MNI INTERVIEW: China’s Energy Costs To Jump As Growth Rebounds
Foreign companies can’t afford to side-step China’s growing domestic demand despite rising energy prices, said EU Chamber of Commerce in China President Joerg Wuttke.
China’s energy prices will jump once the economic recovery gathers steam, but that won’t deter foreign industrial companies from investing more capital to tap prospective growth in domestic demand, Joerg Wuttke, President of the European Union Chamber of Commerce in China, told MNI.
Despite wariness among some European nations about their exposure to China’s economy, Wuttke said Asia’s largest economy is too big to ignore as an investment destination given the strong demand outlook for industrial sectors like chemicals, machinery and vehicles.
Pandemic-related disruptions to the economy have temporarily depressed energy costs, said Wuttke, who is also the Chief Representative for BASF China.
“China’s energy costs will jump up once the economy recovers” he told MNI in an interview, noting the property sector slowdown had reduced energy prices due to less demand from the aluminium and concrete sectors.
“Energy is sometimes cheaper, but you also get more blackouts, or you don’t have any water supply”, he said. He said firms often needed to invest in expensive backup solutions such as onsite generators, offsetting apparently cheaper energy prices.
The threat of higher energy costs, ongoing Covid-lockdowns and concerns of an over-reliance on China won't deter large scale investment in China because the revenue potential is too great, he said.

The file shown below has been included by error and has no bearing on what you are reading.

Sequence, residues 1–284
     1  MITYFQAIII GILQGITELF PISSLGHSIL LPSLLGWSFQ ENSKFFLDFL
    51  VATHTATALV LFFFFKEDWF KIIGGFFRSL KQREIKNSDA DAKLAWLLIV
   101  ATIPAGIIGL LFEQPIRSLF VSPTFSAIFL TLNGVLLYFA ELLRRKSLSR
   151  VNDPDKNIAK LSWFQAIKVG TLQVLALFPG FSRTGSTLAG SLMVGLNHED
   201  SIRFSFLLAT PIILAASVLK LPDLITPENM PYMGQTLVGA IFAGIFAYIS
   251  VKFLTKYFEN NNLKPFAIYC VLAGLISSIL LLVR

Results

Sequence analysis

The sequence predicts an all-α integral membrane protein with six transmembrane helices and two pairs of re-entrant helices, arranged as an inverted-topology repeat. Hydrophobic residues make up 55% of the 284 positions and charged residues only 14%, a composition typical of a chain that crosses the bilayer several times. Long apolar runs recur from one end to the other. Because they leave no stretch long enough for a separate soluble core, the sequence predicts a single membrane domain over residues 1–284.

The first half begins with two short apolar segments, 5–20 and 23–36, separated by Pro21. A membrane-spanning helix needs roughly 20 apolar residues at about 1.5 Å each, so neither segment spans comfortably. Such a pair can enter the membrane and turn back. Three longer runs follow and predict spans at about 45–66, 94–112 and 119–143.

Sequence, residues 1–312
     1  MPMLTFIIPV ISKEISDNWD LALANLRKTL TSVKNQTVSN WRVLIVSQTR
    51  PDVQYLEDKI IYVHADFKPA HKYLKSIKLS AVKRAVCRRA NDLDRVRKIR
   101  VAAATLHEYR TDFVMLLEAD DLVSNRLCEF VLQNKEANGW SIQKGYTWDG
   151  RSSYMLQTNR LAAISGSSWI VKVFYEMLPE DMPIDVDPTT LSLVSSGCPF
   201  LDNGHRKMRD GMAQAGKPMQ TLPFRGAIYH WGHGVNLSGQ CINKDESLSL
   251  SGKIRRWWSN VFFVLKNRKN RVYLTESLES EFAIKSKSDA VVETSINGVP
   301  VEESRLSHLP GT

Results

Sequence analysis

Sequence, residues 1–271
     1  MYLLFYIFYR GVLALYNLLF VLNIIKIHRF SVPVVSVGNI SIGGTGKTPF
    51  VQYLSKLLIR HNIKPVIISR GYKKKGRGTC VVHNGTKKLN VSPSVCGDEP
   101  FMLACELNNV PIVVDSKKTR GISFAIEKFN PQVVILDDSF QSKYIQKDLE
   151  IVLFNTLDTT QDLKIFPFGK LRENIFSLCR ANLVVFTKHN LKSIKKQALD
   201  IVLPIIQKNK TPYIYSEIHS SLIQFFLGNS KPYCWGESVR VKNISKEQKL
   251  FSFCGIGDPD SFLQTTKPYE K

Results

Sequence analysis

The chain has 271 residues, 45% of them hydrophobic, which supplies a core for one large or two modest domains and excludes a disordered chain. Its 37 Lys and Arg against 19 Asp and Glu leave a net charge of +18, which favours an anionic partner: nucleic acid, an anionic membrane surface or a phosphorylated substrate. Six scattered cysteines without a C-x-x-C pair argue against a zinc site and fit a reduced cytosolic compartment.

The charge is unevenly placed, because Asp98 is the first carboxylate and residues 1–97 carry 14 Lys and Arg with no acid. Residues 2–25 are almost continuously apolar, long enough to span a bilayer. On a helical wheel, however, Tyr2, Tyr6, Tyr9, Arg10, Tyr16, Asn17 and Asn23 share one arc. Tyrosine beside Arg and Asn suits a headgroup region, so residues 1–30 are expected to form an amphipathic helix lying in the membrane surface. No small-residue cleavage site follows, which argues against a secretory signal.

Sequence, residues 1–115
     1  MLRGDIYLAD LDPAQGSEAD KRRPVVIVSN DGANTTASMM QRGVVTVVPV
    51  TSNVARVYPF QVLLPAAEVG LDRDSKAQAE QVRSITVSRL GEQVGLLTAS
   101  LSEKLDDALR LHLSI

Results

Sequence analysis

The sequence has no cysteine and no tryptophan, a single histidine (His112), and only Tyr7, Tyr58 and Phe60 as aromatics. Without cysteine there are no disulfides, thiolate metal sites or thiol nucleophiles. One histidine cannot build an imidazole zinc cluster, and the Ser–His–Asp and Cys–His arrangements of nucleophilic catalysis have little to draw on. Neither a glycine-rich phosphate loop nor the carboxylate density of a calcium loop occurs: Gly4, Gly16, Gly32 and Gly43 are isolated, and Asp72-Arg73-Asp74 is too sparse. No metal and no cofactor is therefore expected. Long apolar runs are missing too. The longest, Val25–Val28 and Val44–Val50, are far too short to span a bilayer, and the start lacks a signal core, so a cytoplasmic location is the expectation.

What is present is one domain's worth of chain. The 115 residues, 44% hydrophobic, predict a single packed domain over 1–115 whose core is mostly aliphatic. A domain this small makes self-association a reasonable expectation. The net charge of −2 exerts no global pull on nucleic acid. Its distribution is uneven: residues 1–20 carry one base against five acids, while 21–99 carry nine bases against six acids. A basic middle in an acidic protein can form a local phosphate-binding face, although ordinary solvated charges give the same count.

“China is the market demand story. The energy story is the US, which has cheaper and more reliable supplies than Europe and China,” he said.
Wuttke is sceptical when it comes to talk of foreign companies decoupling from China.
“In terms of demand, there is simply nowhere else to go. China is 50% of the world chemicals market, 35% of automobiles and the largest machinery market by far,” said Wuttke.
“Where else can you get customers to fund your R&D? Where else is there enough demand to justify the large-scale investment needed in these types of industry?” he asked, saying only China could satisfy these criteria.
“Even if GDP growth slows down, it's still better than anywhere else. Industrial firms cannot afford to side-step the world’s second largest economy” he said.
BIG FIRMS FAVOURED
Wuttke is concerned about Beijing's preference for large European companies over small and medium-sized enterprises, which lack the brand power and resources to prove their value to Chinese authorities.
“Bigger players can open up innovation centres, showrooms, and do R&D activity, which gives them leverage and impresses decision makers,” he said. “SMEs can’t do this,” he said, noting SMEs also struggle to obtain financing and approvals.
It was too early to judge the impact of US sanctions on China. “Currently our members are analysing their supply chains and assessing the situation. There is no direct impact yet, only a lot of uncertainty”
Wuttke said there were few signals on economic policy following last month’s Party Congress, which focused more on ideology and leadership changes.
“After next month's Central Economic Work Conference meeting we should see some solid growth policies. We cannot wait until the People’s Congress next March” he said.